During the next four years, the city's Republican Party will work to rebuild itself and streamline its message, which has become "a broad stroke," Town Chairman Michael T. McGarry said.
For the first time since 1991, no Republicans were elected to the city council this year. Instead, Working Families Party candidates won the three minority seats on the council.
"We're looking to be more traditional conservatives, coming up with sensible, conservative solutions to very difficult problems," McGarry said. "I'm not sure we've fulfilled that role lately as well as we should have."
McGarry said the loss was due in part to the party's "broad" message, which included supporting several Democrats in the election. It was also due to a lack of resources, he said.
"We should have a more traditionally conservative message," McGarry said. "Our broad stroke really didn't get us anywhere."
Republicans nominated five Democrats: Mayor Pedro Segarra, city Treasurer Adam Cloud and council candidates Kenneth Kennedy, Alexander Aponte and Kyle Anderson. Everyone but Segarra rejected the cross-nomination, saying Democratic Party bylaws don't allow them to accept that kind of support from another political party.
McGarry said he's looking to expand the city's Republican Town Committee, which currently has 21 members, to include more than 30 people. He said he's working to change the party's bylaws to accommodate the larger committee.
"We want to involve more people," he said. "We'll have a larger pool to work from [in the next election]."
Councilman Corey Brinson, a Republican, said the loss was attributable to waning interest in the party. Brinson was one of three Republican candidates who ran unsuccessfully for council this year.
"The Republican Party is dying in Hartford," he said. "There are less Republicans; there's less Republican participation. Being a Republican in Hartford is becoming akin to being an Independent because there's very little party support. I just don't think there are enough people who care about the Republican message here."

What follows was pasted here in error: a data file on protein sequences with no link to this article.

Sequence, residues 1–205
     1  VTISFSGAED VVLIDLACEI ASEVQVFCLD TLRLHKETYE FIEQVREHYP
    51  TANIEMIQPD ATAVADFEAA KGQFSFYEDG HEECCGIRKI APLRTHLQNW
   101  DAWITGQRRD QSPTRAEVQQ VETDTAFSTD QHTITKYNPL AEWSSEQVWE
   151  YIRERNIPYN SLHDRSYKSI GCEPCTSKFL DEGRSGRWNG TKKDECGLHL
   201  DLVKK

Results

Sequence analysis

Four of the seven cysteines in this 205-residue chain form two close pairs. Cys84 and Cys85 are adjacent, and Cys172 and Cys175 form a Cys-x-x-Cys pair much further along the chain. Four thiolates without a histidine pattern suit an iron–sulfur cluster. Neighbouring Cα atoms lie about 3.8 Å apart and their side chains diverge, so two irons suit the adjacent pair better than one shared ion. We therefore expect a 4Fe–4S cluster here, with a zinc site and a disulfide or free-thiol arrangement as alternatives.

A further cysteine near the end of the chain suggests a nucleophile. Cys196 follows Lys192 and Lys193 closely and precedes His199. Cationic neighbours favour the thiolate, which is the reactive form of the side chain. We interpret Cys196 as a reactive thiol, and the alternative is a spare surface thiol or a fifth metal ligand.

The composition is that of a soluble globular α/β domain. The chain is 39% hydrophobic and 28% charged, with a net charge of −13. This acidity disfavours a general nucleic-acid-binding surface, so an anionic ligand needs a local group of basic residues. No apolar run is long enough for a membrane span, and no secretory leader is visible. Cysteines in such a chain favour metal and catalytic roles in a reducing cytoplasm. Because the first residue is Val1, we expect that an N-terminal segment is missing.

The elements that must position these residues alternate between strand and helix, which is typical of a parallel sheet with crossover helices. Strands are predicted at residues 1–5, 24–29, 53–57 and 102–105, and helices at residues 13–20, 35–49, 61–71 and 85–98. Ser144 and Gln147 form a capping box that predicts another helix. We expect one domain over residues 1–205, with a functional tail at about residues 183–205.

The party needs to rebuild itself "from the ground up," with more money and volunteer support, Brinson said. It also needs to promote itself differently, he said.
"We need to re-brand what it means to be an urban Republican," Brinson said. "I think it's difficult because the national Republican Party kind of dictates our branding locally. We fall under this one big tent."
Councilman Kenneth Kennedy, a Democrat who was re-elected this week, said it's not unusual for minority party representation to change on the council.
Republicans were wiped off the council in 1991 by candidates from the People For Change Party, but won the three minority seats back in 1993.
"It's not that unusual," Kennedy said of the change. "You go through political cycles; you're going to have different minority parties. The one constant has been the Democratic Party."
—Senior Information Specialist Tina Bachetti contributed to this story.
Reprinted with permission of the Hartford Courant.
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